Larry Tesler, Apple employee who created cut-and-paste, dead at 74

Computer scientist and user interface guru Larry Tesler, a key figure at Apple during its early years, died Monday at the age of 74. Tesler in 1979 showed Apple co-founder Steve Jobs around Xerox PARC, including the tour in which Jobs and a handful of other Apple employees got to see Xerox’s Alto computer in action. The computer featured icons, windows, folders, a mouse, pop-up menus, WYSIWYG (What You See Is What You Get) text editor, Ethernet-based local networking, network-based printing, and games. The concept of “cut, copy and paste” was also part of the demonstration.

Larry Tesler
Larry Tesler
William Gallagher for AppleInsider:

From 1980 to 1997, he worked for Apple, recruited by Steve Jobs, and ultimately rising to become vice president and chief scientist. In his 17 years at Apple, he began on the Apple Lisa, ran the development of the Newton, and invented Copy and Paste.

He was also a major contributor to key Macintosh software including QuickTime, AppleScript and Bill Atkinson’s HyperCard.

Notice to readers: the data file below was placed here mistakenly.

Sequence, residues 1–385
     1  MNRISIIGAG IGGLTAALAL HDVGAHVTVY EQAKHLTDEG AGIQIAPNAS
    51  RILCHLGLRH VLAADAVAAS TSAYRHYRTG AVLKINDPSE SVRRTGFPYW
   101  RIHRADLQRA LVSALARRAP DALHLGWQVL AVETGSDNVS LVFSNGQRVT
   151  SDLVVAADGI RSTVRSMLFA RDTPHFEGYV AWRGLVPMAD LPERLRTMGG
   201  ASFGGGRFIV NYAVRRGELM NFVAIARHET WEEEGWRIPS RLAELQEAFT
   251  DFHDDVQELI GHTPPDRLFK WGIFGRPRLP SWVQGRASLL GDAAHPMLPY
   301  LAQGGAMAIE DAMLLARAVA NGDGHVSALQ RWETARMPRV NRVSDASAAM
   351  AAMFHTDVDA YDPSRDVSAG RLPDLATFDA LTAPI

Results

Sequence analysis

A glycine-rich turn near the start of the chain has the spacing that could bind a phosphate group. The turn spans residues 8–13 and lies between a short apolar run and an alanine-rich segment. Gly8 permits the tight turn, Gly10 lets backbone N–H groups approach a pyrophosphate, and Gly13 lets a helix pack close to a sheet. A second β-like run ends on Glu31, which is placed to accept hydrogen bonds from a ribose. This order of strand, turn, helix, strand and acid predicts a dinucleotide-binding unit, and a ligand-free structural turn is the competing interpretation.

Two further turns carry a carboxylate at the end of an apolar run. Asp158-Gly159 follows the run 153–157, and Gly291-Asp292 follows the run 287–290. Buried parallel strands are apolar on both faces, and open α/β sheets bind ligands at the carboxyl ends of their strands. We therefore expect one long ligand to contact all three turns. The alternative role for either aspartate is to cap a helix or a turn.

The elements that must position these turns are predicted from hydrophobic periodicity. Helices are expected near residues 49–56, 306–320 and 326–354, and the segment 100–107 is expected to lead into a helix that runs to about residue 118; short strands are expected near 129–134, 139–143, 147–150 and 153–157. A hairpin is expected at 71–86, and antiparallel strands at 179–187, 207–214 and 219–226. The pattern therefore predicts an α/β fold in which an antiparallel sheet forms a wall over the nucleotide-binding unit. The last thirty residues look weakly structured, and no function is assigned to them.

It was computing legend Alan Kay who had hired Tesler for Xerox, and then it was Steve Jobs who hired him away to work at Apple.

MacDailyNews Take: R.I.P., Larry Tesler. Thank you for all you’ve done for computing in general and for Apple in particular!


  1. It’s been a joy to witness the evolution of the consumer computer industry from its 70’s inception onward. Frustrating at times too. It took imagination, creativity and technical skills to pull it off. Wonder what the next wave of discovery will be?

  2. Actually, “cut and paste” was around for probably 100 years before Apple was a concept!!
    What Mr. Tesler did was adapt old world technology to new world technology. More than I could do, but words mean things and the article was written wrong. He did not create the concept!!

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